self-released / 2016
Two years ago, the remaining members of Showbread were hamstrung - they had not one but two feature-length films to complete before they could move on to the next album, and coupled with the demands of full-time jobs and growing families, they were paralyzed. A progressive dissolution of the once-vital project seemed to be inevitable. Then over lunch one day, they hit on an idea: instead of a slow and unheralded death, they would pool their remaining resources to finish the movies, then record one final album - an act of audio self-immolation called Showbread is Showdead - and lay the band to rest. So it goes.
Showbread has always occupied a unique place in music. To secular crowds they are unnervingly Jesus-obsessed, but their practice of The Way, which includes a die-hard commitment to Christian anarchism and pacifism, a stringent straight-edge ethic, and vehement rejection of American consumerism, also strikes at some of mainstream evangelicalism's tenderest spots. Pariahs from both the hard music scene and the Christian one, they've uncompromisingly walked a new path between, and in the process accrued an absolutely fanatical community of listeners - there are more Showbread tattoos out there than for most bands with fanbases 20 times their size.
Most of those same convictions show up again on Showbread is Showdead - "Raw Rock Theology" lays out the band's iconoclastic creed as "Burn down their gods/Defy their king/No flags, no idols/One King of Kings" - but there are some new ones, as well. "Harry Harlow and the Monkeys of Despair" takes trenchant aim at factory farming ("I draw the chalk line/So I can sleep fine/To a symphony of suffering and doom") while "Dear John Piper (Stillbirth in Space)" attacks the doctrine of meticulous providence with the same intestine-munching ferocity that The Fear of God brought to bear on jingo Christian nationalism. And the song ends with a David Bentley Hart quote! He and Piper aren't even the only theologians to get shoutouts on the album; N.T. Wright gets a nod in the form of the song title "Life After Life After Death" (though the closing ballad - despite some great lyrics - is kind of a dud, failing to connect the way the group's best softie hymns do).
Sonically, Showbread is Showdead resembles an anthology. It's a trip back through the band's discography that ends back where it began, at their debut No Sir, Nihilism is Not Practical - though now that album's seminal sound is tinged with the flavors picked up along the way. The original lineup showed up one last time to work on Showbread is Showdead, and frontman Josh Dies, together with Ivory Mobley (returning for the first time since Age of Reptiles) form a double-helix scream machine that rarely lets up. Meanwhile, the band ricochets from frantic keytar-spiked punk to pummeling wall of noise to immense post-hardcore grooves with thick, slithering basslines - all delivered in the ineffable aesthetic known only as Raw Rock. From the music to the cover art (where Death makes venison of Nihilism's antler lady), Showbread is Showdead is the debut's bizarro twin, and as a conclusion, it gives the band's body of work a unity and symmetry that's deeply satisfying.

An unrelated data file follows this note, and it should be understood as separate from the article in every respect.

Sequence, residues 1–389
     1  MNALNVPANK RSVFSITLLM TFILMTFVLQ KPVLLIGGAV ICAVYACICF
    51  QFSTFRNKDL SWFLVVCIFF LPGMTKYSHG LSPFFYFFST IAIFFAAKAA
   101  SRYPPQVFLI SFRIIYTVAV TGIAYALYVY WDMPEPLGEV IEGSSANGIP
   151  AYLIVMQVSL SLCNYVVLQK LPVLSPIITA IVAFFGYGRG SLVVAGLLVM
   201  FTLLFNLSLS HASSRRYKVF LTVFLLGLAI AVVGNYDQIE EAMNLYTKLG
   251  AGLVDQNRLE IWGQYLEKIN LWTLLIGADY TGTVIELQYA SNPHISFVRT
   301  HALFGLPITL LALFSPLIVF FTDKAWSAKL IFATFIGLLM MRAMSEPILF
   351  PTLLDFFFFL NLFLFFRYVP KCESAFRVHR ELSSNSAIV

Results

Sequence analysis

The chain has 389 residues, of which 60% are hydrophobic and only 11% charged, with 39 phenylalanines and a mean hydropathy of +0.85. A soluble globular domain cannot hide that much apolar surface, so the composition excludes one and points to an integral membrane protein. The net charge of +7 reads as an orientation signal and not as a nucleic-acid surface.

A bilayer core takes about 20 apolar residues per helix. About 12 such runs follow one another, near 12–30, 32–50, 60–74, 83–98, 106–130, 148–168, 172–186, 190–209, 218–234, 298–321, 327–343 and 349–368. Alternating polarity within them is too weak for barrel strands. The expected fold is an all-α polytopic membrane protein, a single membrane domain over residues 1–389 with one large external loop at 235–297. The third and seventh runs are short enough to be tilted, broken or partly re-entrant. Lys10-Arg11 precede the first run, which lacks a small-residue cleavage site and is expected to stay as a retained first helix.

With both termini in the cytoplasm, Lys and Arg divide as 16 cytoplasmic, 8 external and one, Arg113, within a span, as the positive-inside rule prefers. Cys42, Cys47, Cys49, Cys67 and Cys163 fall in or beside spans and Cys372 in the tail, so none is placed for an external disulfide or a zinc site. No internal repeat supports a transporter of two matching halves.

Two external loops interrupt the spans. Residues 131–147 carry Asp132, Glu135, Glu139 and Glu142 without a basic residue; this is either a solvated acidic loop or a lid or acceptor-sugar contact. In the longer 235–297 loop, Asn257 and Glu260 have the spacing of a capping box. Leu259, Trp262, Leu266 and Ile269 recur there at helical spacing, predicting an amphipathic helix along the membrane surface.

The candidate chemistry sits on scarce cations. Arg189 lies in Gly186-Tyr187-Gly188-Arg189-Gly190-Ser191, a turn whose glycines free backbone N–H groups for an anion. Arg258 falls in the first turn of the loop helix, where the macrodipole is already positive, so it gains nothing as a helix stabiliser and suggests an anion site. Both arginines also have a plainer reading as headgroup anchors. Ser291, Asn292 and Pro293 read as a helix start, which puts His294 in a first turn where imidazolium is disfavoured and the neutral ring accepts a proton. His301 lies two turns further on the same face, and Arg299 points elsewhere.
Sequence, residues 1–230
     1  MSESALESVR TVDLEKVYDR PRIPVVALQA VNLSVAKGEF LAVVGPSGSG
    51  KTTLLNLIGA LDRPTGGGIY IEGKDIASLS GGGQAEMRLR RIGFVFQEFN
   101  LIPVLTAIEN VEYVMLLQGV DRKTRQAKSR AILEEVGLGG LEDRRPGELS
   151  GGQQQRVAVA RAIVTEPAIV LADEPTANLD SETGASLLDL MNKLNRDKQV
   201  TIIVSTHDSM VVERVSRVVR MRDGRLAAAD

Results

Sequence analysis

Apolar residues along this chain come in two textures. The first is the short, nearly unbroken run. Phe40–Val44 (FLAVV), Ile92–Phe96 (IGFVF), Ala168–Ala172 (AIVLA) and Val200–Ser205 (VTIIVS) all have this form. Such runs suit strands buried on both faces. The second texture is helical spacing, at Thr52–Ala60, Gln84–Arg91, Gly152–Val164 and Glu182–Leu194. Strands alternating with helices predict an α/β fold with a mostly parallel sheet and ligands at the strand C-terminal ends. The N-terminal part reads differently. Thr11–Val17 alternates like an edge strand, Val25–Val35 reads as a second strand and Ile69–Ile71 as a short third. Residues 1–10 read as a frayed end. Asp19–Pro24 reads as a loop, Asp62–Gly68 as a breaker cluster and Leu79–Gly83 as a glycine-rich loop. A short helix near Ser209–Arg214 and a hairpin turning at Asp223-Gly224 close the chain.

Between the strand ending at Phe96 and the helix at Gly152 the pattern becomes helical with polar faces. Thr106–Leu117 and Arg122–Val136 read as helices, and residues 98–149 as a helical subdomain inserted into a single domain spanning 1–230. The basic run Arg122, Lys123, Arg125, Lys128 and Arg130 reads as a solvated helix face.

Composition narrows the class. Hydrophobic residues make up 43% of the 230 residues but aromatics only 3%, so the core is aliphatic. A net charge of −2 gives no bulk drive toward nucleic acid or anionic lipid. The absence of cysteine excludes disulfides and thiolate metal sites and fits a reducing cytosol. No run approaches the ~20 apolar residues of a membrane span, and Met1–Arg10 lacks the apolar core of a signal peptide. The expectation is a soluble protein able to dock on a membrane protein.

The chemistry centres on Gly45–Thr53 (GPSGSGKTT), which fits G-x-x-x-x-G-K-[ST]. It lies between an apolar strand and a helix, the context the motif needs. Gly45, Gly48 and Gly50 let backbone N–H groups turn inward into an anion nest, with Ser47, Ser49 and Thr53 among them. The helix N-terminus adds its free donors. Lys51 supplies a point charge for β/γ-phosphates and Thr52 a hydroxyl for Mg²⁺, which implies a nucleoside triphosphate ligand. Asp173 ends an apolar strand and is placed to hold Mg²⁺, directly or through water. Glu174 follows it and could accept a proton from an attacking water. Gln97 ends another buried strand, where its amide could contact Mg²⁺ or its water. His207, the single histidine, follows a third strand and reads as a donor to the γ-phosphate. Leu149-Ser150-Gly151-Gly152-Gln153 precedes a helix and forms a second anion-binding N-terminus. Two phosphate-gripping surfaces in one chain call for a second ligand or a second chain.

Final albums happen all the time, but rarely are they so sure of the project's demise (it's tough to imagine an LCD Soundsystem-style "Never mind!" happening here), or, for that matter, so pessimistic about the its enduring legacy. Dies waxes nostalgic about Showbread's heyday on "January 3, 1889: Nietszche Witnesses the Flogging of a Horse", which features some positively abusive playing by the band, and he notes with some melancholy that broken teeth, a scar on his chin, and hearing loss are some of the only mementos he held on to from that era. But the title of a later track gives away what he really sees when he looks back on his accomplishments: "Legacy of Skubalon". (That's Greek for crap)
"Skubalon", despite being a soaring punk anthem, is a weary sigh of resignation - as the sun sets on Showbread, Dies is astonished it went so fast ("It dawned on me over the last three years/We can never go back there again"), and his internal life is shaken without the validation of a band: "So racked with shame from wanting to matter/And the things I'm never going to be". There's an overpowering feeling of futility to the song, and he describes all the effort he put into Showbread as downright Sisyphean: "I spent 18 years pushing a rock up a hill".
In the opening to The Myth of Sisyphus, Camus said that the only truly important philosophical question was whether or not to kill yourself; there's a sense in which Showbread's whole career, from Nihilism all the way through Showbread is Showdead, has been an answer to that question. (On this album there is literally a song called "Why Don't We Kill Ourselves?") They've always been keenly aware of the existential abyss that yawns just beneath the surface of modern life, and more than almost any other artist they put the casual meaninglessness of our age in sharp relief to The Way of Jesus. But beyond that ideological dichotomy, Showbread's real rejoinder to the question of suicide is the white-hot adoration of Christ at the core of everything they do - and it's that adoration that stands as the band's true legacy.
Rest in peace, Showbread, and God bless you.